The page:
#7 dirac

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Posted 15 May 2012 - 10:59 AM

A review of NYCB's gala by Leigh Witchel in The New York Post.

Martins and Millepied have cunning and savoir-faire to spare, but instead of moving us, their ingenuity holds us at arm’s length. Until someone makes more great ballets, star ballerinas like Mearns and Bouder are the reason to buy tickets.



#8 dirac

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Posted 15 May 2012 - 11:08 AM

An interview with Miriam Wenger-Landis, who has written two ballet-themed novels aimed at young readers.

Not so much autobiographical as inspired by, the book tackles issues that young dancers face as they train and try to win a position with a dance company. There's intense competition, heartbreaking injuries, struggles with depression and eating disorders and more. "It’s definitely rooted in my own experience," Wenger-Landis said.

Wenger-Landis says that ballet dancers live in a world where if they haven’t made it by the time they’re 18, they’re not going to make it at all. Her novel seemed to be facing the same odds.



#9 dirac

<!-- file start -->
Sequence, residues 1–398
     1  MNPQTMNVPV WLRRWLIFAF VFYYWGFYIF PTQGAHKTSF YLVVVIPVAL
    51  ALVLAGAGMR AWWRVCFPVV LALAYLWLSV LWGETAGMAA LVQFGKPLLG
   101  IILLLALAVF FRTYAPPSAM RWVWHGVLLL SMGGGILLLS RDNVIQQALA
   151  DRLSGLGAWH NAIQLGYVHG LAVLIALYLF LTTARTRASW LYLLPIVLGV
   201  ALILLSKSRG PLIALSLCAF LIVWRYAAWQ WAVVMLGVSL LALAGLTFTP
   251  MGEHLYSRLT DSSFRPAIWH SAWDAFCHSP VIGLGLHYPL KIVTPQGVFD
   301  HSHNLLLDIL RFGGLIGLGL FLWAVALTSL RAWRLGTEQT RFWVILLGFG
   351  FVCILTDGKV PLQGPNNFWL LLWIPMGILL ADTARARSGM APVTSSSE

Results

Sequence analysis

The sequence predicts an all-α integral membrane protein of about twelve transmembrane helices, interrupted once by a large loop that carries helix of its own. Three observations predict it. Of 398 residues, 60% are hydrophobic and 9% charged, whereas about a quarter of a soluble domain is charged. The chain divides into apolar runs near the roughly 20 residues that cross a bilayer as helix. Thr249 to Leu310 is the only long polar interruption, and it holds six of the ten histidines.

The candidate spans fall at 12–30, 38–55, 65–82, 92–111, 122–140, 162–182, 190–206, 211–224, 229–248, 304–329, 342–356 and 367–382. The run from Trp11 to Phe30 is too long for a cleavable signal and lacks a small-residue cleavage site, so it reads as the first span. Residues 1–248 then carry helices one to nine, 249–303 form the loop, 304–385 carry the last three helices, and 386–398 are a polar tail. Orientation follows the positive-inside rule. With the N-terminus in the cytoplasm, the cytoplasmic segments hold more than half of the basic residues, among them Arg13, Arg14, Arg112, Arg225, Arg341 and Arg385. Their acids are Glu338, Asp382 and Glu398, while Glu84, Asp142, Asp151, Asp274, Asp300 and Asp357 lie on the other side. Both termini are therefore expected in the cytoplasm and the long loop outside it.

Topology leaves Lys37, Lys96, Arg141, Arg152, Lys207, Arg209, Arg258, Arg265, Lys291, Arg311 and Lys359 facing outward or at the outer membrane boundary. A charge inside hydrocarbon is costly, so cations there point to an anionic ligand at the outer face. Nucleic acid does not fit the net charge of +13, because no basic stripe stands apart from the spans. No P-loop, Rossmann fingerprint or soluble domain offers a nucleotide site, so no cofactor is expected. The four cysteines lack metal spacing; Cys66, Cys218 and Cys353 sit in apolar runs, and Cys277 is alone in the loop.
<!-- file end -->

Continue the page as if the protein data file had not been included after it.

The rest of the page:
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Posted 15 May 2012 - 11:19 AM

A story on Roman Baca, a veteran of the Iraq War and a co-founder of the Exit 12 Dance Company. Thanks to YouOverThere for sending in the link!

Growing up in Albuquerque, N.M., and Tacoma, Wash., Baca says his devotion to ballet saw him through family disputes, financial hardship and periods when he lived at friends’ houses. His father bought him his first pair of ballet shoes.

The war in Iraq took him to Fallujah in 2005. He served with TOW Platoon 25th Marines as a machine gunner and fire team leader for an anti-tank missile assault force.



#10 dirac

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Posted 16 May 2012 - 04:14 PM

Pix from NYCB's gala from New York Social Diary.

There were over 800 guests in attendance and the event raised $2 million for NYCB. The evening’s décor transformed the promenade to make guests feel as if they were in France. The French themes implemented were interpreted as the Empire Period and extended to a garden theme.



#11 dirac

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Posted 26 May 2012 - 11:58 AM

An item in brief on the new reality show Breaking Pointe, with link to trailer.

As far as titles go, The CW has the edge on ABC Family in terms of their upcoming ballet-themed programming. But there's no reason ballet fans have to choose between the two. While ABC Family's Bunheads is a scripted drama with a ballet theme, the CW's upcoming series Breaking Pointe is an unscripted look at the art and "sport" of ballet.